So it kind of becomes a weird father/son situation where I want to live vicariously through you, but you’ve chosen to not play sports when I really wanted you to be the football star I never was but wish I was. When I see a fantastic clone, I get this intense frustration that builds up inside, thinking to myself “but they could have made something so different, they have the skills, they could have made anything!”

    It makes the skills feel wasted since I’m projecting my own thoughts and desires onto the clone maker. Feeling frustrated because I’m not there, I don’t have those skills and I’m not making the games I want to make.

    It’s why I’ve never really complained about the clones (or FortressCraft) since I’ve recognized my issues are more my own lack of success than any kind of actual dislike of clones. It’s why I feel most Indie developers tend to take issues with clones. I could be wrong, but there’s got to be more developers out there like me who feel that way. I’d wager it’s why most developers get so angry and passionate about it even if they don’t realize it.

    Now disappointment about poor PR management, that was justified 🙂

    • Dave Voyles says:

      George, you raise a good point here, and I think a lot of us feel that way too.

      Perhaps we build what we know best. And what is practical, really.

  9. UnSubject says:

    The issue with cloning often comes more from the perception of the clone than the actual act itself.

    Very few people had heard of Infiniminer, so therefore Minecraft was “new” to them. However, they see something similar to Minecraft now and then it becomes, “That’s a clone! How dare they!”.

    Gaming designs builds on iterations, with sometimes the “good” features carried through, sometimes not. But without that iteration a number of genres wouldn’t have improved and we’d all still be laying concrete slabs in our RTS’ ala Dune 2000.

    Another view on clones and how the industry / other indie designers sometimes over-reacts to them: http://www.untoldentertainment.com/blog/2012/05/23/mcclone/

  10. Not buying it says:

    Yeah… no.

    You\’re spot on when you say that many games (and films and books and…) inherit the basic structure from another game, but give it their own particular flavour by adding tonnes of creative input and generally making it unrecognisable from the original.

    Avatar is an example of this (even if it\’s a terrible film): while the basic plot is the same, noone in their right mind would ever confuse it with pocahontas, or think it hadn\’t brought anything new to the table. Minecraft is another example of this: it took the ideas introduced by infiniminer and built an entire world around them. Really all they have in common is destructable blocks.

    And all of that would be very insightful and interesting if it weren\’t coming from a dev who falls squarely into the \”ripoff\” category. The qualifications for a ripoff are simple, and have little or nothing to do with being a fanboy or not. Fortresscraft adds nothing that wasn\’t already present in minecraft, there are superficial differences, but ultimately it\’s the same game in the same world with a different shader and one or two added features.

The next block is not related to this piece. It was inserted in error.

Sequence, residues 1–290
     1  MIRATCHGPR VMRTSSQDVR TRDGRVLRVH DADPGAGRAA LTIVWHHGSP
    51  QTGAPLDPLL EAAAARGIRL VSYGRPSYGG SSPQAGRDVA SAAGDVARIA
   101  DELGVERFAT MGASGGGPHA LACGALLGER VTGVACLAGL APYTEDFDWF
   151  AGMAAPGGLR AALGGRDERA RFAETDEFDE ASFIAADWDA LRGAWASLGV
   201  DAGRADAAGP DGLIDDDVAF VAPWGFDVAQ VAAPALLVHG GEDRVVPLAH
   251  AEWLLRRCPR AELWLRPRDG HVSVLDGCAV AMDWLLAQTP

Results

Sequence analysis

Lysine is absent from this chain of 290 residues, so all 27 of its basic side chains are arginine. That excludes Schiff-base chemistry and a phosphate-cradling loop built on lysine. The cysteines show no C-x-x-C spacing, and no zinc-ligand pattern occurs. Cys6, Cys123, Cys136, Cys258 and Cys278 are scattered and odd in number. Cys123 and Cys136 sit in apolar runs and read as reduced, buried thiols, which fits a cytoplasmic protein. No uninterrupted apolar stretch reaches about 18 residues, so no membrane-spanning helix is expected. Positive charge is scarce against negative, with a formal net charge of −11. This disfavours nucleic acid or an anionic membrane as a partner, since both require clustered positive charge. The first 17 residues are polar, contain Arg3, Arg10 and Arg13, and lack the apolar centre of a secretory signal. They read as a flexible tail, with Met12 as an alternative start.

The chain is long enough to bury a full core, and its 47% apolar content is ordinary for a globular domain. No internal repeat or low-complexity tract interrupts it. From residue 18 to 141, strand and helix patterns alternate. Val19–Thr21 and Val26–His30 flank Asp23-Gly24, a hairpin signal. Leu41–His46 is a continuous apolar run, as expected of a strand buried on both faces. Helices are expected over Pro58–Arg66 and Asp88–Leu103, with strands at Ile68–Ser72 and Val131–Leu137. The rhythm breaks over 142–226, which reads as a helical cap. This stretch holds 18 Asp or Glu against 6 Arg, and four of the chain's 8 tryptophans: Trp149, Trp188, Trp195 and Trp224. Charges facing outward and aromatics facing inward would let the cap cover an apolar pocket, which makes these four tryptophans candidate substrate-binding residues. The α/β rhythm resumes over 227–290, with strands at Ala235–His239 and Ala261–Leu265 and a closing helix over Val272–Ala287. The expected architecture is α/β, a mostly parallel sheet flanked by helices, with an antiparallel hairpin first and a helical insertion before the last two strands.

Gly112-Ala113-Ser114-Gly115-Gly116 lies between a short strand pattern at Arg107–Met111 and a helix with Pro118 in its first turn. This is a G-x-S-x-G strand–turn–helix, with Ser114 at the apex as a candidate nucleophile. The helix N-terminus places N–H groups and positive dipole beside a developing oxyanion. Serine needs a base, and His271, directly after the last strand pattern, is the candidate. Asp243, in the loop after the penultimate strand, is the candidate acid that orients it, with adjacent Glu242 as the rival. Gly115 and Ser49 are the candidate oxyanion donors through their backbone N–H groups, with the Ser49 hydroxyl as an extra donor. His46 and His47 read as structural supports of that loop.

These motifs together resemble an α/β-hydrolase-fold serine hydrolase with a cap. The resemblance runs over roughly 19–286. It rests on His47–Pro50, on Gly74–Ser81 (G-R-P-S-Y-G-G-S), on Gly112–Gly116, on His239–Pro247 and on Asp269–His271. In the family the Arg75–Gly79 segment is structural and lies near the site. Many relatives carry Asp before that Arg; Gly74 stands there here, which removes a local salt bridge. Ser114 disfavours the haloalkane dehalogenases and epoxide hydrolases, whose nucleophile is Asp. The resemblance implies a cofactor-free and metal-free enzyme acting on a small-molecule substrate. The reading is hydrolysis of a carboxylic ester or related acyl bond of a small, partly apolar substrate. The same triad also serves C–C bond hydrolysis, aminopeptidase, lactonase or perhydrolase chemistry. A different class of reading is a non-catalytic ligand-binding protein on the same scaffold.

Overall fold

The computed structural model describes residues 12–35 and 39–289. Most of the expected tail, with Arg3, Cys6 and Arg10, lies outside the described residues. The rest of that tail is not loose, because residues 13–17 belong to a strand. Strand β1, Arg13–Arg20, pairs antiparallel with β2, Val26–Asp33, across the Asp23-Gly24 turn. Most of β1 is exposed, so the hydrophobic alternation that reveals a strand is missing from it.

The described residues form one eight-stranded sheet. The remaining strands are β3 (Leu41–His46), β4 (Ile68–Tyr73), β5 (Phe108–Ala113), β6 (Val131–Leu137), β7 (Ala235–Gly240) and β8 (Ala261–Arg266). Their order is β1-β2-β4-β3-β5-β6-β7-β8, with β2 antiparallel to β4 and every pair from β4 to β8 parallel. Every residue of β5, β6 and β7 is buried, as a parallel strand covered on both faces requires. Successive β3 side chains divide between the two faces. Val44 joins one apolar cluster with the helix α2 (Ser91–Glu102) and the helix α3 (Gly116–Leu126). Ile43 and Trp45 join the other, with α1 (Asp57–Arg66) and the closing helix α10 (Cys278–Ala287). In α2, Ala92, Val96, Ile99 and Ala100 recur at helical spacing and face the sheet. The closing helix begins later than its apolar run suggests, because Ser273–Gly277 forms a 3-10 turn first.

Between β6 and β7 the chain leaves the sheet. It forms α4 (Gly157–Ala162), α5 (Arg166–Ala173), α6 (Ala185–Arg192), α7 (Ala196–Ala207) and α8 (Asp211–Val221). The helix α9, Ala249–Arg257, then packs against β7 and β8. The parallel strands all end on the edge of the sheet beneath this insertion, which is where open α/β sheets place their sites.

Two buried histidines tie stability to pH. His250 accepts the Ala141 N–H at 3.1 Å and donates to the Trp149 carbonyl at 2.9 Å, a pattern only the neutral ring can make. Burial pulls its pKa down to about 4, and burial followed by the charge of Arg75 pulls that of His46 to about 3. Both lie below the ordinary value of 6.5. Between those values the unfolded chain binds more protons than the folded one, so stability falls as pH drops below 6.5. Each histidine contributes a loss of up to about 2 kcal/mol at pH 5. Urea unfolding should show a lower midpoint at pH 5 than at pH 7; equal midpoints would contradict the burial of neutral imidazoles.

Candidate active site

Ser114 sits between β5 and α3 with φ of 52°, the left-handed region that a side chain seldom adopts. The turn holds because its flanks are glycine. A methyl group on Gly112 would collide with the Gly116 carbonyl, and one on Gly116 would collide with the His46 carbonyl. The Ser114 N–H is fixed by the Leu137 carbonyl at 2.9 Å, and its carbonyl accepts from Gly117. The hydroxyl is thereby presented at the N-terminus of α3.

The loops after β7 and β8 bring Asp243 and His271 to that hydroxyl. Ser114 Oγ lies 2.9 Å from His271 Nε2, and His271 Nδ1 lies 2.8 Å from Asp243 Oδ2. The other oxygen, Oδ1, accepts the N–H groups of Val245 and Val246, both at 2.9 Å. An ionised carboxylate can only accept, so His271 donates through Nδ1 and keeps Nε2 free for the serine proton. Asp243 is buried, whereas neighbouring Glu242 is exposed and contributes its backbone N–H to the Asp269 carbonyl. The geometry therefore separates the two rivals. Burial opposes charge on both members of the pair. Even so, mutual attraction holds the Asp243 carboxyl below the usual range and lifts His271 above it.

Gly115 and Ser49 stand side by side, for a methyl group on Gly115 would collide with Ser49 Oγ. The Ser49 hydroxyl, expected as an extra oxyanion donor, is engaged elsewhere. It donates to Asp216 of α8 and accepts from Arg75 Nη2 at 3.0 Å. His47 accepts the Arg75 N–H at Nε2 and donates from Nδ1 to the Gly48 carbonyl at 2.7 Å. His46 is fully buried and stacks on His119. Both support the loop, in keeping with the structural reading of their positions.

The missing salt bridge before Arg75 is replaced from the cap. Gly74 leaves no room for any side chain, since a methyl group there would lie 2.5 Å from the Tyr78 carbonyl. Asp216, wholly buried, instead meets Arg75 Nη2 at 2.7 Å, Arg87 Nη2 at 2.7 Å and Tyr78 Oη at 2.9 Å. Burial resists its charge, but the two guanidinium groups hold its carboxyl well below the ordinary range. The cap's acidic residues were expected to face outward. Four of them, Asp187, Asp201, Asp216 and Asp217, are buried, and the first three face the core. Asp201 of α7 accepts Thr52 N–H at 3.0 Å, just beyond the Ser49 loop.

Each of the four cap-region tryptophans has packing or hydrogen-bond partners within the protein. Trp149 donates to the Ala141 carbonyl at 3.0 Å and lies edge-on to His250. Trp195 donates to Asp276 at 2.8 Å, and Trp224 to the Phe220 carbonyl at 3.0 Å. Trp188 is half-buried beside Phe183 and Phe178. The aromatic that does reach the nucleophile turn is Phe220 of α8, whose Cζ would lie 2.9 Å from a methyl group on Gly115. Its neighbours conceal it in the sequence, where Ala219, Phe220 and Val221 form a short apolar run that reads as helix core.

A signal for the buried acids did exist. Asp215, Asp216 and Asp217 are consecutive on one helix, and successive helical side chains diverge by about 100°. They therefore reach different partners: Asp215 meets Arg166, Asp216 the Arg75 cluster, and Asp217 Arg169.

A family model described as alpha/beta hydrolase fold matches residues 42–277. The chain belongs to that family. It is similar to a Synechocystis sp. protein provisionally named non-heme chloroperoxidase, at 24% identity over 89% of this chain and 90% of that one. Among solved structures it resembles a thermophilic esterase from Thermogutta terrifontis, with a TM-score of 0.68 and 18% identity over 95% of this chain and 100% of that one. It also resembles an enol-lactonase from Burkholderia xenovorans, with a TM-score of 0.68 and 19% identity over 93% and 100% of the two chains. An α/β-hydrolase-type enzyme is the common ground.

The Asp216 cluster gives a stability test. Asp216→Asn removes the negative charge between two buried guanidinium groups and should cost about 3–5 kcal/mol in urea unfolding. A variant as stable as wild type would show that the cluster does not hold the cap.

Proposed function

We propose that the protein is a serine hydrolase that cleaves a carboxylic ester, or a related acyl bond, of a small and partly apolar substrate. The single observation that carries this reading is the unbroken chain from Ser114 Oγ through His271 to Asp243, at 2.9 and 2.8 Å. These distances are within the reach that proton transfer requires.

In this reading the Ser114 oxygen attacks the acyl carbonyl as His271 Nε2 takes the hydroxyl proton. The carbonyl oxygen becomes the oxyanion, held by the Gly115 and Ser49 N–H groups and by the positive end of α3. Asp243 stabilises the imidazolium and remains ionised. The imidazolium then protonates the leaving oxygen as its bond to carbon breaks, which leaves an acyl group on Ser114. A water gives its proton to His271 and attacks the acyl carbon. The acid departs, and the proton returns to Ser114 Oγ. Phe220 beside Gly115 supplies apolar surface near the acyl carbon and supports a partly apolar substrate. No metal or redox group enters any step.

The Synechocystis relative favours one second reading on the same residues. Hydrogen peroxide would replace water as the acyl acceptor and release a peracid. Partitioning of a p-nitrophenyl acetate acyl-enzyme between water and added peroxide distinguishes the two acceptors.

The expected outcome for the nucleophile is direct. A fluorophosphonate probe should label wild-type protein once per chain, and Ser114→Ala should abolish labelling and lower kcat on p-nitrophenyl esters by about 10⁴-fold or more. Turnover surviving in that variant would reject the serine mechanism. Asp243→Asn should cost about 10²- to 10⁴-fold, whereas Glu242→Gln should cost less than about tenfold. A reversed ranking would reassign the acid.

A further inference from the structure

There\’s plenty of other games which have taken what minecraft developed and expanded on them, creating their own, unique, experience. But fortresscraft isn\’t one of them, and, by the looks of things, never will be.

    • That veers towards ad hominem territory. The value or otherwise of FortressCraft doesn’t invalidate DJ Arcas’ points. You said yourself that they’re valid points; trying to discredit them because you don’t like his game is a little silly. At no point did the author place his own game in any of these categories, or bring it into the argument at all. It’s not necessary. I think “I’d agree with you if I liked your game, but I don’t” is a fragile position to take.

    • “Fortresscraft adds nothing that wasn\’t already present in minecraft”

      “one or two added features.”

      Not sure if haven’t played it, or just can’t count.

  11. Not buying it says:

    “trying to discredit them because you don’t like his game is a little silly. At no point did the author place his own game in any of these categories, or bring it into the argument at all.”

    Firstly I never said I didn’t like his game, I just said that it was more or less a direct copy of minecraft (aka “rip off” or “clone”). He added one or two nice features but it’s nowhere near an original work like the examples he gave.

    Secondly, I didn’t say it invalidated his argument, I said that his argument has an ulterior motive and that this makes it insincere. He hasn’t mentioned fortesscraft here, but this is about the only place where he hasn’t waxed lyrical about how new and groundbreaking his game is and how terrible minecraft is in comparison.

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  13. This article is more about why cloning happens than why we need it. .comthis is an issue we need to address, not a trend to let run us over. The most remarkable games out there have been so not because they were clones of similar games or genres, but because they took the problems present in those games, and addressed them, or polished the idea to hell and back. Call of Duty is a perfect example of a game that brings nothing new to the table and is polished so well it sells millions, while it’s many little clones made by less capable teams fall into the dust because the gmae inheretly isn’t interesting without all that effort, and those teams can’t recreate that. Also, stating that cloning ir any particular form of it is right in all circumstances is an immature and not very well thought out idea, especially in games where there are so many variables, that there are very few truths and magic answers. Just a sign of the industry’s immaturity as a newer medium that we find any trend a positive one.